Phone

Foods

Pork, cured
Why Eat It
Varieties
Shopping
Storage
Preparation
Nutrition Chart


Why Eat It

Because so many cured pork products are high in fat and sodium (a serving of cured ham, for example, can contain more than one-third of the maximum recommended daily intake of sodium). Fortunately, there has been a trend toward reduced-sodium products.

Varieties

Bacon: Pork belly, which comes from the side of the hog, is called bacon once it has been cured and smoked. A solution of brine and water is injected into the pork belly; a smoked flavor may also be injected, or the bacon may be smoked after it is cured. Bacon is very high in fat, saturated fat, and sodium.

Pancetta: For this Italian-style bacon, the whole pork belly is rolled into a sausage shape and then sliced into bacon strips.

Canadian bacon: A leaner alternative to regular bacon, Canadian bacon is smoked and cured pork loin. (In Canada and Great Britain, it is called back bacon.) It's used in much the same way as bacon, though it resembles ham in appearance and taste. Three and a half ounces of this meat will supply 185 calories, 41% of them coming from fat.

Ham: Ham is pork leg that has been cured and sometimes smoked. There are many types of ham on the market. Many hams are brine (or wet) cured, whereby the pork leg is injected with a solution of water, salt, sodium nitrite, and sugar. Some hams are dry cured; the meat is rubbed with salt, sugar, sodium nitrate, sodium nitrite, and seasonings. These may also be called country hams. The dry curing process draws out moisture and intensifies the color and flavor of the meat.

Most hams are sold "fully cooked," that is, they have been cooked to a high enough internal temperature to make them safe to eat. Fresh hams, those that require cooking will be marked as such on the label.

The types of ham on the market include bone-in hams, which contain the shank bone and are available whole or in sections; semi-boneless hams, which have had the shank bone removed, leaving the round leg bone; boneless hams, which have been rolled or molded and packed in a casing; and canned hams, brine-cured ham pieces that have been molded, vacuum sealed, and fully cooked. Picnic ham is not a true ham but comes from the shoulder, not the leg.

Ham is further divided by the percentage of protein it contains by weight. Because the curing solution can add greatly to the weight of the ham, the USDA has categorized ham in the following way: Products labeled "ham" have no added water and are at least 20.5% protein. "Ham with natural juices" is at least 18.5% protein. "Ham--added water" is at least 17% protein. "Ham and water product" can contain any amount of water, but must state the percentage of added ingredients on the label.

You will also find some hams labeled lean or extra lean. Lean hams must contain no more than 10% fat by weight; extra lean hams, no more than 5% fat by weight.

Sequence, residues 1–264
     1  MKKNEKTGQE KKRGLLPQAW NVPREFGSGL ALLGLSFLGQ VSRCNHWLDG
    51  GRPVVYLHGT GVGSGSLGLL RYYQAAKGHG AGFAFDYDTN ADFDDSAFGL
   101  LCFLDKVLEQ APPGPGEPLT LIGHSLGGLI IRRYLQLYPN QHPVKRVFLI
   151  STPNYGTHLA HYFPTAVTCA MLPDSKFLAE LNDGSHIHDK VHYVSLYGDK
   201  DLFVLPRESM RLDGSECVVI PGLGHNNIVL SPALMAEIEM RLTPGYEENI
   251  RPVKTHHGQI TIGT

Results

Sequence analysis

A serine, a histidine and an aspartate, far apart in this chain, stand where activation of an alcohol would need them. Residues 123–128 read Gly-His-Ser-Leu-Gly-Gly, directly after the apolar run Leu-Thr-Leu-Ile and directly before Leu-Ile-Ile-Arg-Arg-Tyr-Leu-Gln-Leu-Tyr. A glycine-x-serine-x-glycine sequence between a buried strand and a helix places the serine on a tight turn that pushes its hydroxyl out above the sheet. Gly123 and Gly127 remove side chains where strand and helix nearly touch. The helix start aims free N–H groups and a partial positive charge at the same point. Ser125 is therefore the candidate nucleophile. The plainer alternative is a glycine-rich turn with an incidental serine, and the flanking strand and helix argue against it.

Shopping

When choosing cured pork products, be sure to read the label. It will tell you what type of product it is; also the label gives you important information about how to store and cook it.

Storage

Cured pork products keep much longer than fresh pork. Vacuum-packed bacon is often marked with a "sell-by" date; the unopened bacon will keep until a week after this date. Once opened, it will keep for about a week if tightly wrapped. Slab bacon--often available from a deli counter--will keep for several weeks if tightly wrapped and refrigerated. Canadian bacon will keep for three to four days if sliced, up to a week if in large pieces.

Cured hams keep for about a week in the refrigerator. If the ham is vacuum-packed or sealed in plastic, leave it in its wrapping. If not, rewrap it tightly in aluminum foil. Canned hams should be refrigerated; they will keep for up to six months if unopened. Once opened, tightly wrap the leftovers and use within a week. Some canned hams do not need refrigeration, but be sure to check the label. If in doubt, refrigerate. Dry-cured hams should be refrigerated; they'll keep for six months.

Preparation

Cured hams that are not marked "fully cooked" must be treated like fresh pork; cook them to an internal temperature of 160°F. Even hams that are marked fully cooked may benefit from cooking to 140°F to improve flavor. The surface of country-style hams may be coated with a mold that is a normal part of the curing process. These hams must be scrubbed with a stiff-bristled brush to remove the mold and excess salt on the surface. The ham must then be soaked for several hours, changing the water several times and then simmered before baking. Most country-style hams come with detailed directions for preparation.

Fresh hams may be rubbed with a dry herb and spice mixture and roasted or soaked in a brine solution and then either braised or roasted.

Nutrition Chart

Extra-Lean Cured Ham/3 ounces

123
Total fat (g)
4.7
Saturated fat (g)
1.5
Monounsaturated fat (g)
2.2
Polyunsaturated fat (g)
0.5
Dietary fiber (g)
0
18
Carbohydrate (g)
1
Cholesterol (mg)
45
Sodium (mg)
1023
Thiamin (mg)
0.6
Niacin (mg)
3.4
Vitamin B6 (mg)
0.3
Selenium (mcg)
17
Zinc (mg)
2.5

Bacon/1 slice cooked

37
Total fat (g)
3.1
Saturated fat (g)
1.1
Monounsaturated fat (g)
1.5
Polyunsaturated fat (g)
0.4
Dietary fiber (g)
0
2
Carbohydrate (g)
0
Cholesterol (mg)
5
Sodium (mg)
101


Date Published: 04/20/2005
Previous  |  Next
> Printer-friendly Version Return to Top